They are only able to cut two sacks of grass in a day, Kertisah says, Each sells for Rp10,000 ($0.6). In a month, she can earn Rp600,000 ($40.8). The farmers’ income is not much higher, averaging Rp 500,000 ($34) to Rp700,000 ($47.6) per month. Poverty level, according to the North Lombok government, is Rp2,187,171 ($148.7).  

“We still lack daily life needs,” said Minarti, the mother of 14-year-old Anjelika Dewi, whose top family’s income isRp700,000 per month.  

The children’s parents say they are comfortable with their children attending a Muslim school.  

“We are not worried about their friendship at school,” Kertisah said, “because their friends at school are just their friends at the house even though they have different religions,”  

Children who do not attend school tend to marry very early,  We don’t want our children to marry early and lose their right to go to school, she said. 

Early marriage or child marriage is not legal in Indonesia.  The state will only register marriages if the spouse is over 18 years of age.  If early marriage occurs, the couple cannot get access to social services from the state such as food assistance, financial assistance, and of course cannot continue their education. 

When someone marries at the age of children, they cannot get their right to continue their education in primary to senior high schools.  Unless they have completed senior high school, they are allowed to continue their education to College.  No primary or secondary school accepts married students, especially in North Lombok. 

That is why, in Indonesia, child marriage is strictly avoided and has even been prohibited in state law. 

Child marriages, or betrothals involving girls aged 18 and below (Law Number 16 of 2019 and the regulation of Ministry of Women’s Empowerment and Child Protection in Law Number 35 of 2014), are prevalent in North Lombok.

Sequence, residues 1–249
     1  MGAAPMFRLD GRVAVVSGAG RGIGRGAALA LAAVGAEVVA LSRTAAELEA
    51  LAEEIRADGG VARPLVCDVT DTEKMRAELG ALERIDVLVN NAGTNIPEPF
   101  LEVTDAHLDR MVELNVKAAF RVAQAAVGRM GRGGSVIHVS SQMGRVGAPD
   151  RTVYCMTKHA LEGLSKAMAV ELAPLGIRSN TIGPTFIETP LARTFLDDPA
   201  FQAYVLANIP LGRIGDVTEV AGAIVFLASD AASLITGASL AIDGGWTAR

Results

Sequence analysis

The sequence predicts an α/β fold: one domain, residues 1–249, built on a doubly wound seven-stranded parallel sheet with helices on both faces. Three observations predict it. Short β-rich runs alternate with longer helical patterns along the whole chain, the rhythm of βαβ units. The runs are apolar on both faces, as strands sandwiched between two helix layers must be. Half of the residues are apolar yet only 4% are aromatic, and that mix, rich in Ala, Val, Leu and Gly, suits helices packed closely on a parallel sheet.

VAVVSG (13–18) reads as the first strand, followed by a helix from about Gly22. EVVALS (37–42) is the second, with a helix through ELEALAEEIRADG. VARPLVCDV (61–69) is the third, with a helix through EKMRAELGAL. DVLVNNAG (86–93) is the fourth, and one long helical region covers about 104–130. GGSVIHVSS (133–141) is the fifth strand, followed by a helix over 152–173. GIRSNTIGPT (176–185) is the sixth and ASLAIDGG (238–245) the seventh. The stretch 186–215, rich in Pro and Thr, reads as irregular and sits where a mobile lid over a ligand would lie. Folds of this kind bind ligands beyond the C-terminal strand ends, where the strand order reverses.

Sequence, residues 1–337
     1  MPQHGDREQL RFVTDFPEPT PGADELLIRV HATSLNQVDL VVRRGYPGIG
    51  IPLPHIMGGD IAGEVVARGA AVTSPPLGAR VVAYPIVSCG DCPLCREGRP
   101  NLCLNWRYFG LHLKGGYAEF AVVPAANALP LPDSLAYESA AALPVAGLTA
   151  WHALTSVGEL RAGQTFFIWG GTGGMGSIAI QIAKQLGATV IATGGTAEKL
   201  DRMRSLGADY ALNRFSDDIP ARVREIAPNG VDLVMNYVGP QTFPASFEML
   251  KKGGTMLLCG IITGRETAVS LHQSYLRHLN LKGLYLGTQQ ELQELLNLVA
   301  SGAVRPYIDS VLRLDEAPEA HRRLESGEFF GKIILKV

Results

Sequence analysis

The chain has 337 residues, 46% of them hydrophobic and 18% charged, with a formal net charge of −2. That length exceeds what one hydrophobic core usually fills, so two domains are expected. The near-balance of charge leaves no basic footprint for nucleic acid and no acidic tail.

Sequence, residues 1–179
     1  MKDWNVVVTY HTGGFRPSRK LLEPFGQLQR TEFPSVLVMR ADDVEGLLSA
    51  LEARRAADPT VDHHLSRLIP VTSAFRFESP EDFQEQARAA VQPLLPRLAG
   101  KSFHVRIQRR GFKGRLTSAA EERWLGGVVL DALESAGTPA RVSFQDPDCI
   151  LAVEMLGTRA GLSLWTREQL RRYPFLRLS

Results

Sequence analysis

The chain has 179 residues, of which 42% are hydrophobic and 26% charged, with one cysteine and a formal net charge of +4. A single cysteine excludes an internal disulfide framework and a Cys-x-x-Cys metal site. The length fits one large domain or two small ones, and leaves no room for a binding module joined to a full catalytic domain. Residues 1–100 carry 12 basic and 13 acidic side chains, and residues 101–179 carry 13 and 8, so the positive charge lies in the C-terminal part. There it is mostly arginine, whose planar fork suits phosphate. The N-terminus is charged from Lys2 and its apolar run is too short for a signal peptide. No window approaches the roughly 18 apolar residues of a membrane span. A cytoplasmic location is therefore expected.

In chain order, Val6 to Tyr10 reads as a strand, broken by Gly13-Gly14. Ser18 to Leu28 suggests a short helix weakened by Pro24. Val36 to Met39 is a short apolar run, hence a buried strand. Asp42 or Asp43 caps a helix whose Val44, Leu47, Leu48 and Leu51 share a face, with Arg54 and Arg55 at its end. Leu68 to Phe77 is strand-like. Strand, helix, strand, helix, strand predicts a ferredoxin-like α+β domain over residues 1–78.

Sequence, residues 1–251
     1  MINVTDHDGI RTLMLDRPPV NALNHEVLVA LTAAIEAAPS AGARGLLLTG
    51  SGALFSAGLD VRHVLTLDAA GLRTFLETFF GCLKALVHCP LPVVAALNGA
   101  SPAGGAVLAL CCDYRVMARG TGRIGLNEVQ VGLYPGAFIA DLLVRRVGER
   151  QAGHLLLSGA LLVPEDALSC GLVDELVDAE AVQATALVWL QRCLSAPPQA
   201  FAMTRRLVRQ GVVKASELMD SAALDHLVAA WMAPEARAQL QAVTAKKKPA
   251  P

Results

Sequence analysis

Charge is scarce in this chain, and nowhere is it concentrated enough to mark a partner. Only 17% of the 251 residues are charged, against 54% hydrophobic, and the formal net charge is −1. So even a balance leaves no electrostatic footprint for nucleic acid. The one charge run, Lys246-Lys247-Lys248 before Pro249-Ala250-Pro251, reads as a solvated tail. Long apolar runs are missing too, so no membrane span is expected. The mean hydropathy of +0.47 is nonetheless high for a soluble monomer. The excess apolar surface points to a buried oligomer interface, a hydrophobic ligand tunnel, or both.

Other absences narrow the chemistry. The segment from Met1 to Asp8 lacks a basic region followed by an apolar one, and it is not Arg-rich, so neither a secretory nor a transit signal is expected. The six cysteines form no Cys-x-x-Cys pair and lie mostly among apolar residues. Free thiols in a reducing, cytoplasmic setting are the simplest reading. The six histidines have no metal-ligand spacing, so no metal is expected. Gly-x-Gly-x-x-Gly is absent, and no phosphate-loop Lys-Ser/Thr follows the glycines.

In both 2020 and 2021 there were 62 child marriages each year, according to the Social Service for Women’s Empowerment and Child Protection office. 

A Different problem looms for the students, however, a barrier to their graduating that lies beyond the control of the school or of their fellow students.  

The madrassa curriculum is set by the Ministry of Religion and obligates students to pass all Islamic-specific subjects such as Fiqh, Aqidah Ahlaq, Qur’an Hadist. The Buddhist children do not take these subjects. 

In order to assist the students to graduate, Putrawadi said, the school is in discussion with the Ministry of Religion and the Department of Education and Sports.  

“The important thing in my point of view is they have to go to school first,” the headmaster said. “Whether they will pass or not, we will find the solution later,” said Putrawadi. “For me, their willingness to go to school is the main point.”  

The Buddhist students, who are worried about their ability to graduate, trust that the madrasa will find the best solution for them. 

Suriani and her peers would attend a conventional school if they had an opportunity. But that would require the North Lombok government to foot the bill.  

The head of the North Lombok Regency Education, Culture, Youth and Sports (Dikbudpora) Office, Adenan, said his office was making plans to transfer the seven students to public schools.  

“We will find a source of funding for the Buddhist children,” said Adenan. He hopes that the seven students can be funded by the local government.